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by Scholten A
(Acute Infectious Arthritis; Infectious Arthritis)

Definition

Viral arthritis is swelling and inflammation of the joints due to a virus. It usually goes away on its own after a few days.

Causes

Viral arthritis is caused by a virus. The virus travels through the blood to the joint. The immune system sees the virus ad attacks it. This leads to inflammation and swelling in the joint until the virus has been cleared.

Risk Factors

Viruses that are more likely to cause viral arthritis are:

  • HPV—Human parvovirus
  • HIV
  • Hepatitis B, hepatitis C, and hepatitis E
  • Human T-lymphotrophic virus type 1 (HTLV-1)
  • Certain viruses from mosquitoes, such as:
    • Chikungunya
    • Dengue
    • Zika
  • Certain herpes viruses, such as mononucleosis (Mono) and cytomegalovirus
  • Coxsackie viruses
  • Rubella or mumps

Symptoms

Viral arthritis often affects several joints at the same time. Joints in the ankles, toes, knees, hands, and wrists are most common. They may include:

  • Sudden swelling and pain in one or more joints
  • Fever and chills

Symptoms usually last 1 to 2 weeks and then go away. There is usually no lasting damage to the joints.

Diagnosis

The doctor will ask about symptoms and past health. A physical exam will be done.

There is no specific test to diagnose viral arthritis. Tests may be done to rule out other causes such as rheumatoid arthritis. Tests may include:

  • Blood tests—to look for abnormalities
  • Joint aspiration—fluid is taken from the joint by needle and tested
  • Imaging, such as x-rays— to look for joint problems

Treatment

Viral arthritis usually goes away when the infection clears. The goal of treatment is to ease symptoms. This may include:

  • Rest—to protect the joint
  • Applying heat and cold packs to the joint—to ease stiffness or inflammation
  • Medicines to ease pain
  • Joint drainage with a needle—to ease severe symptoms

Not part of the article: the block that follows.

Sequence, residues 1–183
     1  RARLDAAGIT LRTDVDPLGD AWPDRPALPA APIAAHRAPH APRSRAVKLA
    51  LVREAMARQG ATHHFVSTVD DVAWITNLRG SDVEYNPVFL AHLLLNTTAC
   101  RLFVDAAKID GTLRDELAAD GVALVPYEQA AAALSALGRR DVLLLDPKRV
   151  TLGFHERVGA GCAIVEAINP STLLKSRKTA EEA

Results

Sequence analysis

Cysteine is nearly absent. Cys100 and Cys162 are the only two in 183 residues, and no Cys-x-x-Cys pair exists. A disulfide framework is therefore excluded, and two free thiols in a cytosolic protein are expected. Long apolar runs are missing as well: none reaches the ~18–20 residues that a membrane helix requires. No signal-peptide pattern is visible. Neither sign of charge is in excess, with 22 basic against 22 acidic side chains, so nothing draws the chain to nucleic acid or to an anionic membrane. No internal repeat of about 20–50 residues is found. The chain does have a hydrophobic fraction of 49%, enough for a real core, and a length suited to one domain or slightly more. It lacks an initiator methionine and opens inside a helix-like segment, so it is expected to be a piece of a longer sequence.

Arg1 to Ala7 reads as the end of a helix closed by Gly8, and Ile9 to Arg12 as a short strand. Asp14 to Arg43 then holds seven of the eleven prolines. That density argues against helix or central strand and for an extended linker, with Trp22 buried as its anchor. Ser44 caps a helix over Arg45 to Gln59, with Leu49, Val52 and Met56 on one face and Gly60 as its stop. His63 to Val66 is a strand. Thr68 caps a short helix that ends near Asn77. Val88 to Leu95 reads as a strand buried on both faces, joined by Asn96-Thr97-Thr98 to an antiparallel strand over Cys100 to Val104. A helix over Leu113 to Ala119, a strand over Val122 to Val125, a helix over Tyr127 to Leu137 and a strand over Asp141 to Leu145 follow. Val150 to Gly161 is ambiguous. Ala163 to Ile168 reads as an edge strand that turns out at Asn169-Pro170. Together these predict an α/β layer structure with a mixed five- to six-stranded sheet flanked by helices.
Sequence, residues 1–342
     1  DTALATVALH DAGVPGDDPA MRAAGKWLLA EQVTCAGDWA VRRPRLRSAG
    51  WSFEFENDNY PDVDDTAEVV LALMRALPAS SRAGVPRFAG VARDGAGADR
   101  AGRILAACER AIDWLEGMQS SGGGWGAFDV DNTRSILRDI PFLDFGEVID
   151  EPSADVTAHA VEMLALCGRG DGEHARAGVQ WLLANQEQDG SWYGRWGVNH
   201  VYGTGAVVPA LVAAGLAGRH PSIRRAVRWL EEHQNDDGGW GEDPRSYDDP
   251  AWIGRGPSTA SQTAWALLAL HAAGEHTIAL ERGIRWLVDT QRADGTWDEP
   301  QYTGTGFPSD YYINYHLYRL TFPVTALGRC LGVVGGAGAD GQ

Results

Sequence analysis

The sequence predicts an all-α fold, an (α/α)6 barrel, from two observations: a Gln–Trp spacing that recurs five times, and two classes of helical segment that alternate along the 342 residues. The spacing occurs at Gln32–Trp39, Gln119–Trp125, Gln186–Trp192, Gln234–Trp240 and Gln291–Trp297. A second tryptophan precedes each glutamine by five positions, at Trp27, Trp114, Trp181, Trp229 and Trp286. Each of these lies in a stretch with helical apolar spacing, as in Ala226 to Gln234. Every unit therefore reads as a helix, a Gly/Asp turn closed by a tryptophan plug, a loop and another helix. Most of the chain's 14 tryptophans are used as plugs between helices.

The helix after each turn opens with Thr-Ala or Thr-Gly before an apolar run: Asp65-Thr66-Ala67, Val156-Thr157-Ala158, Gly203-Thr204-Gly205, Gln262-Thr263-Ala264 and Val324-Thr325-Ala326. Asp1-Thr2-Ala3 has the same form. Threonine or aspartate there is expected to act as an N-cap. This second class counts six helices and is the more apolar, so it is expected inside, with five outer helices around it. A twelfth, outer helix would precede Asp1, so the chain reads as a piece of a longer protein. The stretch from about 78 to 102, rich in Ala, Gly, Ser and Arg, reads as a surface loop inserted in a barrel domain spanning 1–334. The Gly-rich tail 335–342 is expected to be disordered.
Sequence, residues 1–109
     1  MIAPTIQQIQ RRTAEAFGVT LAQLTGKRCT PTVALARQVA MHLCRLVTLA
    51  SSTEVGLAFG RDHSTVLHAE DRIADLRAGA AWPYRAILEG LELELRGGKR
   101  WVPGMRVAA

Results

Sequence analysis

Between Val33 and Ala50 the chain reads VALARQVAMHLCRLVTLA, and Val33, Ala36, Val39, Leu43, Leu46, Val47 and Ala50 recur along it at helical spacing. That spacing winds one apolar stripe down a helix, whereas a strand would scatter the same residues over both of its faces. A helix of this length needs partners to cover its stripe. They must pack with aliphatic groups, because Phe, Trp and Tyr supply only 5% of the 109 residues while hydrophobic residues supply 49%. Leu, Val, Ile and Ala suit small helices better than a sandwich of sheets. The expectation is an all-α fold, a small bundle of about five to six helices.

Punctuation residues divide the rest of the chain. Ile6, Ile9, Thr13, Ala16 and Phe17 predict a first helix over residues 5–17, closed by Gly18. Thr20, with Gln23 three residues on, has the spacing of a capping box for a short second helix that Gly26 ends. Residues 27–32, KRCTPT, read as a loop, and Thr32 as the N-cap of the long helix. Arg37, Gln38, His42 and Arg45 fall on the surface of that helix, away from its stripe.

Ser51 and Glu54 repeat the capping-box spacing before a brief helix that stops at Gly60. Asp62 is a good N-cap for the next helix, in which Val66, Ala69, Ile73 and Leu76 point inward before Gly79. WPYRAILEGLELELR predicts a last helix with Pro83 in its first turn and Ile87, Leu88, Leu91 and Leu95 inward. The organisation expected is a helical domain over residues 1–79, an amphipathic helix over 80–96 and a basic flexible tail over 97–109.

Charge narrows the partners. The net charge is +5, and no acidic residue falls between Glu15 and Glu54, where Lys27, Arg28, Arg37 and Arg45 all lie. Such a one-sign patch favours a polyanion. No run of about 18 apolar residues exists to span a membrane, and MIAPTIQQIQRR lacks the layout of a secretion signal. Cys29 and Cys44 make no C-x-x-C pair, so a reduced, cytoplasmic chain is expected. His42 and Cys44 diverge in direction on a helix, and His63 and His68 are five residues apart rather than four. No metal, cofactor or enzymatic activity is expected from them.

The doctor may advise exercises after the infection has cleared. This will help improve joint movement.

Prevention

There are no guidelines to prevent viral arthritis. The risk may be lowered by taking steps to prevent certain infections, such as vaccines.

RESOURCES

Arthritis Foundation  https://www.arthritis.org  

Centers for Disease Control and Prevention  https://www.cdc.gov  

CANADIAN RESOURCES

Arthritis Society  https://arthritis.ca  

Health Canada  https://www.canada.ca 

References

Arthritis, infectious: nonpyogenic. EBSCO Nursing Reference Center website. Available at: https://www.ebscohost.com/nursing/products/nursing-reference-center. Accessed August 12, 2021.

Infectious arthritis. Arthritis Foundation website. Available at: https://www.arthritis.org/diseases/infectious-arthritis. Accessed August 12, 2021.

Infectious arthritis. Orthopaedics and Sports Medicine—University of Washington website. Available at: https://orthop.washington.edu/patient-care/articles/arthritis/infectious-arthritis.html. Accessed August 12, 2021.

Marks M, Marks JL. Viral arthritis. Clin Med (Lond). 2016;16(2):129-34.

Pathak H, Mohan MC, et al. Chikungunya arthritis. Clin Med (Lond). 2019;19(5):381-385.

Polyarticular arthritis. EBSCO DynaMed website. Available at: https://www.dynamed.com/approach-to/polyarticular-arthritis-approach-to-the-patient. Accessed August 12, 2021.

Revision Information